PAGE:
I suppose I’m long overdue for an update on my life as some folks have been wondering. To be straight, we’re still working through things, taking life together day-by-day, week-by-week, month-by-month.

After going very public with our situation, I mentally braced for the worst: expecting the relief of public humiliation, the security of the pillory. I’d go to church, sit by myself, then leave. Only in the last two weeks have I even taken Communion. I was accused of wearing a look which came across as arrogance or impenitent. It’s not like I can claim that a charge of arrogance would ever be misplaced with me, but ironically, the look has been that of a person ashamed to be seen in the church. Ashamed to be seen with his wife. Ashamed to be seen with a community he served so hard and betrayed so dearly. A person entirely uncomfortable with the idea of people loving him and with the idea of people forgiving him. It’s one thing to talk about it and know about it, it’s entirely another thing to experience it. And the whole thing has me … baffled.

Because after we blogged, prayers came in from around the world. The horror community wrapped itself around us. Meals were cooked for us. Folks dropped us notes which were not only really appreciated, but carried us through some dark moments. There were those who dropped everything to come sit with us. Those who planted themselves firmly in “my cave” not only to hold me to account and keep asking me the hard questions, but to make sure I got back up, dusted myself off, and keep on the path of becoming who I am meant to be and live.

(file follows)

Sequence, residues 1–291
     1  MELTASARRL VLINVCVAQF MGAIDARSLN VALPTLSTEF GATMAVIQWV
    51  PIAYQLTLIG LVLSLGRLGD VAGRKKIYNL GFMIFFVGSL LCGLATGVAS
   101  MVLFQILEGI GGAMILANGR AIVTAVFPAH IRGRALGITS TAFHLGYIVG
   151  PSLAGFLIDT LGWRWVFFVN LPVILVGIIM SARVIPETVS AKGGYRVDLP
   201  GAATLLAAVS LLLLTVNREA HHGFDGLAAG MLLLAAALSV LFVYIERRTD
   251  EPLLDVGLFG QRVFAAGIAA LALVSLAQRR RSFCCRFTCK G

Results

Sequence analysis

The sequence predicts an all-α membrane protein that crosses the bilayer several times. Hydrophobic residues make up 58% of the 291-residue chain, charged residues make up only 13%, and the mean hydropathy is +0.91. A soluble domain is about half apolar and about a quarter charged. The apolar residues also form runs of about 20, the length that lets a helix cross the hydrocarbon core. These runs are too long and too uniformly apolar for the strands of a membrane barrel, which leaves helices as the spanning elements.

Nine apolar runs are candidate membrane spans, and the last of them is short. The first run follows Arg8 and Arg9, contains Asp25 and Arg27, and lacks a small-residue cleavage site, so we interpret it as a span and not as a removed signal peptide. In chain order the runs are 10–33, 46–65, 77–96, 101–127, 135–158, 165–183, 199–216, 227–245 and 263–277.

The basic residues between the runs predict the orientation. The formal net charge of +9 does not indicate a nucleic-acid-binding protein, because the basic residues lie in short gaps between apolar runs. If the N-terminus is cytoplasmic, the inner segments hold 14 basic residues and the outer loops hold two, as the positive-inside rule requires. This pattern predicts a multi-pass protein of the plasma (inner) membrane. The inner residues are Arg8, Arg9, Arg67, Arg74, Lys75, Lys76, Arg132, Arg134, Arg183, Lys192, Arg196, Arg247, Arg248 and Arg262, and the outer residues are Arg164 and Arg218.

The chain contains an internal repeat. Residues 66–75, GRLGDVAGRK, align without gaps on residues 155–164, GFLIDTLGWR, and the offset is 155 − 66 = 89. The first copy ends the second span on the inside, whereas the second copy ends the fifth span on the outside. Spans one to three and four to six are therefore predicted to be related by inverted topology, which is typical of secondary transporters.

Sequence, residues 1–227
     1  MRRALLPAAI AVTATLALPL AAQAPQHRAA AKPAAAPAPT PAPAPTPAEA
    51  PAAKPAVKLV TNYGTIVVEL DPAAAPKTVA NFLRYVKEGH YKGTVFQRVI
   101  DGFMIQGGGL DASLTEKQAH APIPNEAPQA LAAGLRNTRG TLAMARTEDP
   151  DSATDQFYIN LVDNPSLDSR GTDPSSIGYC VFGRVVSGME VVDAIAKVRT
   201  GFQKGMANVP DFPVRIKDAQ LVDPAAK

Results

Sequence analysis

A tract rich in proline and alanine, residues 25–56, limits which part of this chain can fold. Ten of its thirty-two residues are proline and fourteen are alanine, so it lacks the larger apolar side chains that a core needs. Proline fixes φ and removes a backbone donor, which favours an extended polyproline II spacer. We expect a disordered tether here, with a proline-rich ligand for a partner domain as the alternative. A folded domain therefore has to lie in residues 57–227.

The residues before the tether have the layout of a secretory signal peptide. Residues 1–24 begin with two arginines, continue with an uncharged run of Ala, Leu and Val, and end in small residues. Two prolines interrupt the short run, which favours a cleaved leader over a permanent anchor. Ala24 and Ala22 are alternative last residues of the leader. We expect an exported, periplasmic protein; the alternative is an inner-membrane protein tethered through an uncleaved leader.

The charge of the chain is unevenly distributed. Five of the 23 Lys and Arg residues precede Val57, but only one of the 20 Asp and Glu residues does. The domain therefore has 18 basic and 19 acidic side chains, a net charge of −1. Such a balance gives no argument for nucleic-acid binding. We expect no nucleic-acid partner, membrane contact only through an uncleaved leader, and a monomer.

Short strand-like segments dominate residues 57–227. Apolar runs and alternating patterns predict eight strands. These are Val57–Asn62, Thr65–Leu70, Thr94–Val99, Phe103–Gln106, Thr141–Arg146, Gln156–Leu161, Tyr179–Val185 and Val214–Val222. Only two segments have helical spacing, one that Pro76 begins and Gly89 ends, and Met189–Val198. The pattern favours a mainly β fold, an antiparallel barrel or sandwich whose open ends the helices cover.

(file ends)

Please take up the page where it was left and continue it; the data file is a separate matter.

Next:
I don’t know what to do with any of that. I seriously don’t know what to do with or how to process the love shown to me. Which brings me to the title of this blog, though I might be better off saying that love baffles me. Sometimes I feel like a kid being force fed medicine: being held down, thrashing about like the most uncooperative of patients … while those surrounding me patiently love me back to health.

There are times when the shame and guilt threaten to overwhelm me, days when I was drowning in it. And it became easy to believe that God had washed His hands of me or that was too dirty and guilty to be in His presence. It became easy to forget that the Doctor was in, and He came for the sick, to treat the wounded (even those with self-inflicted wounds). He then reminded me that I was right where I’d always been: in the cup of His hand, showing me what it means to be loved.

Love stays right there with us even during the ugly and dark times. Love sees the person you are meant to be and helps moves you along toward becoming that. Love doesn’t let you off the hook, nor does it want you to define yourself by your sin or failures. You can’t outrun love.

There are times in our lives when we don’t listen to our hearts, to what we know to be true. We may betray ourselves. Our friends. Our family. Our community. God. We become lost. There’s no way to undo the mess I’ve caused in people’s lives and the hurt Sally has had to go through, all the damaged relationships surrounding us, all the broken Shalom, all of the betrayed trust. There’s no way for me to go back and undo years of bad choices. Lord knows I wish I could. Just like I know that forgiveness takes time. All I can do is attempt to live a life of repentance.

I still find it difficult to believe in and listen to love. And there still may not be a happy ending at the end of this story. But I have learned this much: in chasing after a dream, it’s easy to miss the beauty and love in front of you. And I pray to one day be worthy of it.